Cruise passengers return home, feds probe fire
"The first thing we did was open up those Diet Cokes and we drank some," McIntosh said.
Others were still recuperating from the ordeal.
"I have an upset stomach pretty bad. I'll be seeing a doctor this afternoon," 53-year-old Sandy Jackson said as she checked out of a downtown Mobile hotel Friday, where relatives drove to pick her up. "Stress, food, everything. It was hard to eat properly."
A day's worth of car rides back home to Indiana wasn't very daunting for Brianna Adkins after the cruise, which she called the worst experience of her life.
Invited on the cruise by a relative who got a free trip for memorizing Bible verses, the 18-year-old preacher's daughter was shocked by conditions aboard the ship. The trip that began so great — swimming with dolphins in Cozumel and watching Las Vegas-style shows in the ship's theater — ended with her dissolving into tears in an Alabama cruise terminal after the ship had docked.
"You never think it will happen to you, but it did," Adkins said.
Tugs pulled the ship away from the dock Friday, moving it down a waterway to a shipyard where it will be repaired. Carnival Cruise Lines spokesman Vance Gulliksen said the damage assessment was ongoing.
The cleanup seemed daunting. Passengers described water-logged carpet, sewage seeping through the walls, overflowing toilets and a stench so bad people choked when they tried to endure it.
But by most accounts, the crew did as much as they could, using disinfectant and picking up plastic bags of excrement after toilets stopped working.
Six investigators from the National Transportation Safety Board were in Mobile to look into the cause of the engine-room fire, which happened some 150 miles off Mexico's Yucatan Peninsula.
NTSB spokesman Keith Holloway said the agency was working with the Coast Guard and the Bahamas Maritime Authority, which will serve as the primary investigative agency.
The Bahamian government is taking the lead in the investigation because the Triumph is a Bahamian-flagged vessel and it was in international waters at the time of the incident, Holloway said.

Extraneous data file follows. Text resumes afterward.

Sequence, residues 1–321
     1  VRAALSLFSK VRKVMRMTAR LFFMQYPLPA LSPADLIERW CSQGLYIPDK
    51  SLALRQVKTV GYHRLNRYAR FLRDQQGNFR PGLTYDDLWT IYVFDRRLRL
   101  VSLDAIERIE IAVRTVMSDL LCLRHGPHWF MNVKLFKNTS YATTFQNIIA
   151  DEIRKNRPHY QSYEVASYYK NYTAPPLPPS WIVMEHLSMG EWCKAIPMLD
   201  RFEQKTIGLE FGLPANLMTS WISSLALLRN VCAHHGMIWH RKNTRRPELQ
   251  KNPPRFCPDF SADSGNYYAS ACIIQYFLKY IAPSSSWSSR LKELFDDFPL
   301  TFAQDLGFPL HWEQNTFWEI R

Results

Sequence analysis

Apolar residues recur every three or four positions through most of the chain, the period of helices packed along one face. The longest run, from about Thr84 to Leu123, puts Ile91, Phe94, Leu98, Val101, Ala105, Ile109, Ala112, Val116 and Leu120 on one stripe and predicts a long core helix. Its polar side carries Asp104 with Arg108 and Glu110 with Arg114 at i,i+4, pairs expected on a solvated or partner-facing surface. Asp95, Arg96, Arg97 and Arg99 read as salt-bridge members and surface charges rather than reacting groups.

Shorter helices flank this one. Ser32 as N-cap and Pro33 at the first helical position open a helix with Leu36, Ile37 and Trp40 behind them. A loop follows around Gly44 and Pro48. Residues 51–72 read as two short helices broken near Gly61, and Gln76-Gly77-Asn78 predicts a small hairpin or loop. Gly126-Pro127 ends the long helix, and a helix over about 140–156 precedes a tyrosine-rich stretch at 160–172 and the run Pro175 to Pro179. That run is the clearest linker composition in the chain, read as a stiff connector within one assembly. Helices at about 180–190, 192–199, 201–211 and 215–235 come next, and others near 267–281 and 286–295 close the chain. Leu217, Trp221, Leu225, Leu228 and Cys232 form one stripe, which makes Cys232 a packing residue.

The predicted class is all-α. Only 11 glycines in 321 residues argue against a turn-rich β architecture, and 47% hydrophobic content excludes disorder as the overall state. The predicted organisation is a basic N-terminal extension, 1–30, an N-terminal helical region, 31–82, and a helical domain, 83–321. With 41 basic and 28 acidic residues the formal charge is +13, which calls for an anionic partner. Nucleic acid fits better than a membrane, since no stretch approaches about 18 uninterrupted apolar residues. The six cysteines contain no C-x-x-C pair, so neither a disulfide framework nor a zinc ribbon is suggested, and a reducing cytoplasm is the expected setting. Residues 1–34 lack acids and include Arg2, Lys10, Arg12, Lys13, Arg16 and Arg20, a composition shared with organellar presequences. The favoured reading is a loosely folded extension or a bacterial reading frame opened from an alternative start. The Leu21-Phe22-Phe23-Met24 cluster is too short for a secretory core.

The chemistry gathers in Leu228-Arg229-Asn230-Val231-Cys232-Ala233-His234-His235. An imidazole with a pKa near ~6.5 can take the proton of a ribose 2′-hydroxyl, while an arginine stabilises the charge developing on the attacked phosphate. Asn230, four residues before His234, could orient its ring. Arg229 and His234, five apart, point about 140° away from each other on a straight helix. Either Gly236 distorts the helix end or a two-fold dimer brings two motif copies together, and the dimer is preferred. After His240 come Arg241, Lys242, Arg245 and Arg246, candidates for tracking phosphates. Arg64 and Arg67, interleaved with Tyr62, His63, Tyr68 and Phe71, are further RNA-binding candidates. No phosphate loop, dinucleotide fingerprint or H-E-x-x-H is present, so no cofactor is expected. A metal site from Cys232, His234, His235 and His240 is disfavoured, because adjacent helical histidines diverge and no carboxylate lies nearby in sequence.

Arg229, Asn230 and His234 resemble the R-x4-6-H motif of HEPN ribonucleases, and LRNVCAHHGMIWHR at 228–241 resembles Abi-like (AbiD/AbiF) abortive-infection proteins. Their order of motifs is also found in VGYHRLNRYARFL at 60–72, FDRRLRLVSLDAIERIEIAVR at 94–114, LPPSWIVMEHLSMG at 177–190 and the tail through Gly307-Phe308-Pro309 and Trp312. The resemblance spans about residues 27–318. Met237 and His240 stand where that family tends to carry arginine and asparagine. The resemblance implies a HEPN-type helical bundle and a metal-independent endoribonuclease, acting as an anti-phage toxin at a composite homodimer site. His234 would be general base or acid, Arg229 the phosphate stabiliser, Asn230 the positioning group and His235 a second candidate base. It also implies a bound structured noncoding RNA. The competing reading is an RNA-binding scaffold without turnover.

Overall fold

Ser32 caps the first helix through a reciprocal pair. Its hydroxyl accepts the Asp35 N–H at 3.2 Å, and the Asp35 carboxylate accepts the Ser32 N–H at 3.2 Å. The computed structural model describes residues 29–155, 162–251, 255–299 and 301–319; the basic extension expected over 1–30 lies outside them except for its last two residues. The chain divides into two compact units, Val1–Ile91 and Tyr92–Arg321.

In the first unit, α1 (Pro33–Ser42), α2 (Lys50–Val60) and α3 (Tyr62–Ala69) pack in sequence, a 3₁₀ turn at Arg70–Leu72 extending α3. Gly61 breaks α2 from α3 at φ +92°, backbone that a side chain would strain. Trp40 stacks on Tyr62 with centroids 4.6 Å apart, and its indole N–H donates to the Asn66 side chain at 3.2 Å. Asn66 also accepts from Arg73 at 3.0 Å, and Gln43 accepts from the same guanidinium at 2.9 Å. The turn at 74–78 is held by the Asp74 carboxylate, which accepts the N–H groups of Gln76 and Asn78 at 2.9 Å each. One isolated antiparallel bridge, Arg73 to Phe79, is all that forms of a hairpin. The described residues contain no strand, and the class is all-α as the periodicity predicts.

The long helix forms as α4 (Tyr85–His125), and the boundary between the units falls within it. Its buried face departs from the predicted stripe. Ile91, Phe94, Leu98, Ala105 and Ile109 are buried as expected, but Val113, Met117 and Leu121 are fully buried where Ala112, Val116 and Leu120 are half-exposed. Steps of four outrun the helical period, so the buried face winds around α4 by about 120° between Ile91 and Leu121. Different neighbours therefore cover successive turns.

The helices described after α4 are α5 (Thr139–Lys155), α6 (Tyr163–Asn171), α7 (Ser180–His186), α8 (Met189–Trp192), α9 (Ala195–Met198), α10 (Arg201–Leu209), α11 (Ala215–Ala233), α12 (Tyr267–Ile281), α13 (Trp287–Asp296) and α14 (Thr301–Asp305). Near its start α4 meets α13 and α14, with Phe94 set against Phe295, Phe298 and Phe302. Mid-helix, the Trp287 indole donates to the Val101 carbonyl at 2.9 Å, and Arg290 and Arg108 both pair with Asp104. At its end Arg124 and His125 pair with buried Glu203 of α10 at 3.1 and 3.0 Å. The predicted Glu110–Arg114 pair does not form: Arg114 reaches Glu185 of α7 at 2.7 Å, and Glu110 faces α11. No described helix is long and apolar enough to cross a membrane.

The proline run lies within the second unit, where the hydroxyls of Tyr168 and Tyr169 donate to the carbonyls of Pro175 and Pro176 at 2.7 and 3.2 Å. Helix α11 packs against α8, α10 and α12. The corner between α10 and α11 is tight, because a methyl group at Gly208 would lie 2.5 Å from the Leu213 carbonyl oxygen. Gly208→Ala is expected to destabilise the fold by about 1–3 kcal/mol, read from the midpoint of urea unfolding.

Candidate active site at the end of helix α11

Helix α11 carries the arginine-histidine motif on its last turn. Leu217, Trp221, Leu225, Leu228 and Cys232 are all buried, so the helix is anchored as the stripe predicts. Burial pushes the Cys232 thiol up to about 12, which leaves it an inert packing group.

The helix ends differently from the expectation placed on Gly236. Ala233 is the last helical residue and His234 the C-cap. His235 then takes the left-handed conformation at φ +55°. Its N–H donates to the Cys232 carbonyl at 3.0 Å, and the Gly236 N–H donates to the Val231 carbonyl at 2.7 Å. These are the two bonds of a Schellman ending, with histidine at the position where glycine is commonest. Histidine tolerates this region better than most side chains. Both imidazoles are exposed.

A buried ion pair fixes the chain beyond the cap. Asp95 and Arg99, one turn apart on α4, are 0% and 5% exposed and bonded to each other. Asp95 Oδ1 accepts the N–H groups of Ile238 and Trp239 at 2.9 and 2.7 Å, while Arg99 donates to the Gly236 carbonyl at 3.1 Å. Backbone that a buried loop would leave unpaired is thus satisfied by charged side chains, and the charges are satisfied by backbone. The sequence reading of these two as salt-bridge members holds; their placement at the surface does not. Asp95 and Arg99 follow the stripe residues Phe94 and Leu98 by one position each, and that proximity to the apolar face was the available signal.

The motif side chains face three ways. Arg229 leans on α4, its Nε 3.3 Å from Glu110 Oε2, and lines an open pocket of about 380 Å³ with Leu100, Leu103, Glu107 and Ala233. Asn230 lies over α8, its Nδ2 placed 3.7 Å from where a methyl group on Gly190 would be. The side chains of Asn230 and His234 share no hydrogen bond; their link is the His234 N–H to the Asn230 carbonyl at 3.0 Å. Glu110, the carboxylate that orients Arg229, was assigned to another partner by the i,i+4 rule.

The NTSB will be studying the mechanics of the ship "just like we would in any investigation, trying to determine what caused the fire, where the breakdown was," Holloway said. The investigation could also look at the ship's emergency procedures for passengers, he said.
Passengers described a horrifying scene after the fire. Some said they smelled smoke and received conflicting instructions about every 15 minutes over the PA system. Others ran for lifeboats.
No one was hurt in the fire, and just two people were taken off the ship for medical conditions as a precaution.
Connie Ede, of Houston, was on the cruise with her husband. During the fire, the two got their life jackets ready and put cellphones, passports, money and credit cards in their pockets.
"All in all, I wish it hadn't happened, but it did, and we survived," she said.
Carnival CEO Gerry Cahill apologized to passengers, saying late Thursday, "We pride ourselves on providing our guests with a great vacation experience, and clearly we failed in this particular case."
The cruise line offered passengers a full refund of the cruise and transportation expenses, a future cruise credit equal to the amount spent for the cruise, reimbursement for some shipboard expenses and $500 per person.
But those gestures may not be enough. Less than 24 hours after the boat docked, the first lawsuit was filed against Carnival Corp. by passenger Cassie Terry, who said she feared for her life and worried about falling seriously ill from the raw sewage and spoiled food. Her complaint seeks unspecified damages.
Gulliksen said the company hadn't seen the suit and was not in a position to comment.
Associated Press writers Danny Robbins in Dallas; Mike Graczyk in Houston; Ramit Plushnick-Masti in Galveston; Stacey Plaisance in New Orleans; Bob Johnson in Montgomery, Ala.; Melissa Nelson-Gabriel in Mobile, Ala., and Joan Lowy in Washington contributed to this report.
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